- Deniers, liards, etc: were part of the Ancien Régime currency system, and even after decimalization the names stayed in use, if only to figuratively designate a tiny amount. (The sou was actually also a linguistic relic of the old system, and wasn’t officially part of French decimal currency; people were used to calculating prices in terms of sous, and since a sou was conveniently worth 5 cents, it had more staying power as an exact value that was part of daily life.) Technically, a denier was 1/12 of a sou, or 1/240 of a franc, or a little under half a centime, and a liard was 3 deniers, or ¼ sou, or 1/80 (0.0125) franc, or one and a quarter centimes.

The Ancien Régime currency system:

Was roughly equivalent to the pre-decimalization British currency system, although the French versions were worth substantially less. The basic units were the livre (which was also the word for ‘pound’ as a unit of weight), the sou or sol (shilling), and the denier (penny). 12 deniers to a sou, 20 sous to a livre. So a liard was basically a thruppenny bit. Coins in multiples of a livre were issued under the names écu and louis (or louis d'or), but their values were often redefined over the centuries and the name 'louis’ could refer to assorted multiples of itself. Attempting to make sense of them is enough to make my head hurt, so unless you have to deal with higher-value coins in a fic set pre-1795, just stick to the post-decimalization values of louis and écu given above. As if that wasn’t bad enough, in the late Middle Ages and Renaissance there were two standards for the livre, the livre tournois and the livre parisis; the livre tournois, which eventually won out, was worth 4/5 of the livre parisis, which made for some fun conversions in accounting. (When is a shilling worth 15 pence? Oh, France.)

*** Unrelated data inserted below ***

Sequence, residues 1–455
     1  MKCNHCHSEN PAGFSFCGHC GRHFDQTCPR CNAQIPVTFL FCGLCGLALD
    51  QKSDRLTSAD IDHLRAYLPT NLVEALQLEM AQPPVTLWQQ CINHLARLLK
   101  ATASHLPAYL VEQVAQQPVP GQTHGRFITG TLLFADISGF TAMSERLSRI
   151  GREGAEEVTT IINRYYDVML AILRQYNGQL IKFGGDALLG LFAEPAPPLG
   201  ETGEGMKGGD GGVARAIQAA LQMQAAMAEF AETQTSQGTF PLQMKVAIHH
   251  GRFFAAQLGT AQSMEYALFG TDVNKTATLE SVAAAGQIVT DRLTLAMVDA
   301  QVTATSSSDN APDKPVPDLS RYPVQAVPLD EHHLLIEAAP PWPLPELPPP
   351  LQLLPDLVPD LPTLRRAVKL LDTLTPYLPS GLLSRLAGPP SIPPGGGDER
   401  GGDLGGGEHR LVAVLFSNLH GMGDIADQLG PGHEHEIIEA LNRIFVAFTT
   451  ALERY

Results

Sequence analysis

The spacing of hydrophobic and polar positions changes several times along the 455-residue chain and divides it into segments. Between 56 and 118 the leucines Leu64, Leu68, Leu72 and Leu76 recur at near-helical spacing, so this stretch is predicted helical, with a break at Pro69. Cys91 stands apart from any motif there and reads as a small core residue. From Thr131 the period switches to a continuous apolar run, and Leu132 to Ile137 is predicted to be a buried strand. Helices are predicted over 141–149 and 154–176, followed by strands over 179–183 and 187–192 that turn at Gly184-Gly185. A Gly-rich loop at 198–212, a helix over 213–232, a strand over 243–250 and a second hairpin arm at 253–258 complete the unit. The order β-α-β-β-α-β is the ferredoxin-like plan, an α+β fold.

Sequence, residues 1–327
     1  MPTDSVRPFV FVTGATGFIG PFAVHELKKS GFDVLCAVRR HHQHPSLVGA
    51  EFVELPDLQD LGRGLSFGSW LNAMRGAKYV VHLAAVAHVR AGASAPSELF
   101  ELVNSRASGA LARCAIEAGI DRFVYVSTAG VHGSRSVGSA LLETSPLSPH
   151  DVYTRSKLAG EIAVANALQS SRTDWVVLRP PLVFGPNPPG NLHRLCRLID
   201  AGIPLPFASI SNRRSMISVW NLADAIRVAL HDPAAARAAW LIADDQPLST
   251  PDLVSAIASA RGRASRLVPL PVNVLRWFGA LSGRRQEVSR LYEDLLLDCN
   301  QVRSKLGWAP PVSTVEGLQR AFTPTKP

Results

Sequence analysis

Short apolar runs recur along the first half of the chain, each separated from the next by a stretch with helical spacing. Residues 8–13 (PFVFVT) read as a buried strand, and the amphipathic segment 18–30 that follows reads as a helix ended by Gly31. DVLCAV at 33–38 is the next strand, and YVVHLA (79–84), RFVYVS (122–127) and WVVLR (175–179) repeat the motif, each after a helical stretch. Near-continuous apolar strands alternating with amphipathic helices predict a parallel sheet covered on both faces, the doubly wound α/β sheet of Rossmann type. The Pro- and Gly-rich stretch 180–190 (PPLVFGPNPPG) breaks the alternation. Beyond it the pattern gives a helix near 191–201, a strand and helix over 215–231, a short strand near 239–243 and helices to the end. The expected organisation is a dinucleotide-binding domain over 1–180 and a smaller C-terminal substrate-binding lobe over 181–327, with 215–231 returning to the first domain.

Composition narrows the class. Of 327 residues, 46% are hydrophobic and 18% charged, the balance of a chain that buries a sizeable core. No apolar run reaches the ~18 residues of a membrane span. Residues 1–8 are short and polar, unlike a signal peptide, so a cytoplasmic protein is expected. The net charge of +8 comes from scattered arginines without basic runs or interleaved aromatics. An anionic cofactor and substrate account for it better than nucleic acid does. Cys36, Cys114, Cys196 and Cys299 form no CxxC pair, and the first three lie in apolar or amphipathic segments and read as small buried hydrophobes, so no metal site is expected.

France switched to decimal currency in 1795. Generally, 1 livre = 1 franc, and the words were used more-or-less interchangeably, although the equivalences were a bit funky all through the Directory and the Consulate, and the minting of the new coins didn’t get underway until 1796. Some of the old coins stayed in circulation, apparently, well into the 19th century, but they would’ve become rarer and rarer as time went on.

Conversion to modern currency:

Basically, don’t even try it. The relative prices of various commodities were all different in the early 19th century: rent and services were cheap, food and durable goods like clothing were expensive. It’s nearly impossible to construct any kind of meaningful exchange rate. The closest I’ll come is to say that you can get an extremely rough estimate by considering an early 19th century franc to be worth somewhere between 10 and 20 modern British pounds.

anonymous asked:

Where would the students have learned to handle rifles? Holding professional regular soldiers at bay requires alot of skill with a flintlock musket.

They would almost certainly have had the opportunity to learn how to use long guns for hunting while growing up, and the ability to handle a pistol for dueling was an expected skill for young men of their social class. There were numerous firing ranges in Paris where they would’ve been able to keep in practice.